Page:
An undercut develops.
An undercut is when there’s a concave in the weld between two joined pieces of pipe. This groove reduces the strength of a SMAW weld. In this situation, the amperage might be set too high causing a crater to develop.
Arc doesn’t start consistently.
Arcs should start strong and consistently when stick welding. If you’re having trouble getting the arc to start, try turning up the amperage to produce a more powerful arc.
Too much splatter.
Having excess splatter can quickly ruin an otherwise solid stick weld. There are several potential causes, but the most common culprits are using an excessively long arc weld or too high amperage.
Misshaped weld bead.
A well-executed SMAW technique produces a welding bead roughly 2.5 times the electrode’s diameter. A bumpy weld bead could result from slow pulling or low amperage. Conversely, thin weld beads can develop from pulling too quickly.
Suggest Reading: Do you push or pull when stick welding?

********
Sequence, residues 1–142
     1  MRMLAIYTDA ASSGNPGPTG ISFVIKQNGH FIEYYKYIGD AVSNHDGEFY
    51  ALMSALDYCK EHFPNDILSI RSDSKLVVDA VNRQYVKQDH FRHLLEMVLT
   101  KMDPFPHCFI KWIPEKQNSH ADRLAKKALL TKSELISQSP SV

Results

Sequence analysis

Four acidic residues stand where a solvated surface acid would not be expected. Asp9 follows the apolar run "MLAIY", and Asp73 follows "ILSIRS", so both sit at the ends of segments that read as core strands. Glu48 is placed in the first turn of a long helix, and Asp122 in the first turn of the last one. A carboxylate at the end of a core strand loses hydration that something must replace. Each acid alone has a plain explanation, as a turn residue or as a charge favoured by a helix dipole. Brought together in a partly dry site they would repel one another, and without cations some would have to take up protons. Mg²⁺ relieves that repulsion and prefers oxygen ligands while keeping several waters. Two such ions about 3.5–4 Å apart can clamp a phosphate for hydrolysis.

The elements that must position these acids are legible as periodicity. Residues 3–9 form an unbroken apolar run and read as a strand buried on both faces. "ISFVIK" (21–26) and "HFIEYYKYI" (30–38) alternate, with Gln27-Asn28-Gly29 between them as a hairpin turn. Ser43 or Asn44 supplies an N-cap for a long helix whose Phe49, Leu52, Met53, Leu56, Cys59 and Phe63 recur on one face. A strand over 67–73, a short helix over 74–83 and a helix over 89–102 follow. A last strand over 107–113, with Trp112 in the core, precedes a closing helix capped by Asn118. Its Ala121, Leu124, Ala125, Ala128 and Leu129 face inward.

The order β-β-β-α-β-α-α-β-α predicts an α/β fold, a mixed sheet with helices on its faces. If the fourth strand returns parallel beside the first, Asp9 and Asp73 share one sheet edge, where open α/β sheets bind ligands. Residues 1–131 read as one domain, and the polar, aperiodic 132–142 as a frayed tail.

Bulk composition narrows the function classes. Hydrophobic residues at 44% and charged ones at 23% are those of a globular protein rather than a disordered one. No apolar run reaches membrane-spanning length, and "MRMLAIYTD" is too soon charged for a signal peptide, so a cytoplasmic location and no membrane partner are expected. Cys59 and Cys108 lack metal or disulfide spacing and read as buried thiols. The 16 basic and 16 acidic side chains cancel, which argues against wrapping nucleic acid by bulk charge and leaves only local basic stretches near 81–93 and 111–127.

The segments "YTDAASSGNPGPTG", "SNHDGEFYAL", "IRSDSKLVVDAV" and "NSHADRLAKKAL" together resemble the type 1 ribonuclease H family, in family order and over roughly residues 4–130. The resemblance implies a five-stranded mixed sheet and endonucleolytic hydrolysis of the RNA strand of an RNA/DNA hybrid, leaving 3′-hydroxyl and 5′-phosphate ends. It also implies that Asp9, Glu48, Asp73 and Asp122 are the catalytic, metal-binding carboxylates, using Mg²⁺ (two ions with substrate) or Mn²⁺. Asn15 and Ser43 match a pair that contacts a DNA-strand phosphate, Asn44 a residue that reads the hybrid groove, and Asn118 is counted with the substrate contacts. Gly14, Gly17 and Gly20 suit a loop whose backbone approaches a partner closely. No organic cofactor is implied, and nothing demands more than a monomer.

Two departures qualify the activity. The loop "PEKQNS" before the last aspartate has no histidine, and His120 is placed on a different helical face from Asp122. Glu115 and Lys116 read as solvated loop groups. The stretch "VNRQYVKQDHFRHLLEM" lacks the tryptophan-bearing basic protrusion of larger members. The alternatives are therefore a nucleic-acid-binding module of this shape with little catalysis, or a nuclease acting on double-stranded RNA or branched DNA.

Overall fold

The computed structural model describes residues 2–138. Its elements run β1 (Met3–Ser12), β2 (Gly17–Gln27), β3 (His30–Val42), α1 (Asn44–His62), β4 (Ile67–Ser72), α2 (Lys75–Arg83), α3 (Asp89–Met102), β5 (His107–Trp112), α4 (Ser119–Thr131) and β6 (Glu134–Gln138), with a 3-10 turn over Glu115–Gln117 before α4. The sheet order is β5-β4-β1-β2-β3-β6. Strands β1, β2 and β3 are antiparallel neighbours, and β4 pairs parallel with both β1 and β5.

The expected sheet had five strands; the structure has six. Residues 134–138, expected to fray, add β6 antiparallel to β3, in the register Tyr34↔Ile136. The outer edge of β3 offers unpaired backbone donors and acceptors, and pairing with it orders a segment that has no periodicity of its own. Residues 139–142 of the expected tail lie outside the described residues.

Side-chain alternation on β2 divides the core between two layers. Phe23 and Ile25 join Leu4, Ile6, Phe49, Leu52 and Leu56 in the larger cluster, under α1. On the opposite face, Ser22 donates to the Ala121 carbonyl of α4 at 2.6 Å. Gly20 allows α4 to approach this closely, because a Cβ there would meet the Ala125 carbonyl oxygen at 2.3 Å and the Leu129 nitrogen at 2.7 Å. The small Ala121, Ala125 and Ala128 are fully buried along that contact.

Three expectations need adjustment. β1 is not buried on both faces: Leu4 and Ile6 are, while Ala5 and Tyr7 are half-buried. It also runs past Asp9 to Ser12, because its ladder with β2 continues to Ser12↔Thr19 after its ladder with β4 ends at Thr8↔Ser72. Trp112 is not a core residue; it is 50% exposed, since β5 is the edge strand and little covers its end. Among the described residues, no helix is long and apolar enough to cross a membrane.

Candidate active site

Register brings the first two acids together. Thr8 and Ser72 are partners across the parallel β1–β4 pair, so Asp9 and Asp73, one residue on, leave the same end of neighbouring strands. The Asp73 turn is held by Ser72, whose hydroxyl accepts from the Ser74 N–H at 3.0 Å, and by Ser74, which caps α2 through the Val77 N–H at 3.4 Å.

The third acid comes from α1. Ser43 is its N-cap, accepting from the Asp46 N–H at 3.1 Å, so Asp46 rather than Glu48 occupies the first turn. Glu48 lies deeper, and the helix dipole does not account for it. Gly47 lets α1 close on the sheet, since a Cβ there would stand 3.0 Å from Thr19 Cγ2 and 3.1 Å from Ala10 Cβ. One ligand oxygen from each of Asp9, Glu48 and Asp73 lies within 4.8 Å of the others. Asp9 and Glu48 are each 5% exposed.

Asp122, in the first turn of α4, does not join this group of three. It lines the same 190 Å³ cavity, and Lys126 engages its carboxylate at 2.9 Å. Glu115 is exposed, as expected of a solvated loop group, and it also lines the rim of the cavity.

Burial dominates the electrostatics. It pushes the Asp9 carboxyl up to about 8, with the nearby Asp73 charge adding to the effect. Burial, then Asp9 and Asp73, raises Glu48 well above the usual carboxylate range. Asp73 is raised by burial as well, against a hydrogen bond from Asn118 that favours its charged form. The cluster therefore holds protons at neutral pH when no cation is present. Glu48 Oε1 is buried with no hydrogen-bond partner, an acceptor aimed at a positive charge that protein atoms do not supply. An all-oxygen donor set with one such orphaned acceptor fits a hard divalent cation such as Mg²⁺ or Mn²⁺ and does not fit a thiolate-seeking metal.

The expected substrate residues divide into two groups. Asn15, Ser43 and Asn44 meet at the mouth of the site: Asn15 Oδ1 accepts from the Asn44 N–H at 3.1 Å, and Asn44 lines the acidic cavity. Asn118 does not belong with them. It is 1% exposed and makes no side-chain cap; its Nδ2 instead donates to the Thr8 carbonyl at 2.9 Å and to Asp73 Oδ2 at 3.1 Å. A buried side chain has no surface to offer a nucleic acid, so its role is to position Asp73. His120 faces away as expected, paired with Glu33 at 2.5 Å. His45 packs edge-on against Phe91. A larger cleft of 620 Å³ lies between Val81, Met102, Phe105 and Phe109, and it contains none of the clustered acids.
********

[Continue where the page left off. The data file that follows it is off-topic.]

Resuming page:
5. Get familiar with different stick welding positions.
What is the best way to stick weld? Well, it depends. SMAW is a dynamic and versatile pipe welding technique that’s applicable in a variety of settings. Over time, various stick welding positions have developed to tackle different welding challenges. Another of the best stick welding pipe tips is understanding and mastering these different welding positions.
Horizontal – One of the most straightforward stick welding positions sees the welding axis resting horizontally.
Vertical – As the name suggests, the axis of a vertical weld is vertical. There are specific vertical stick welding tips that help welders deal with falling molten metal.
Flat – Also known as downhand welding, this position sees welders working on the topside of the piping joint with the axis of the weld running parallelly through the weld’s length.
Overhead – As one of the most difficult stick welding positions, overhead welding requires trades professionals to operate from the underside of a pipe joint.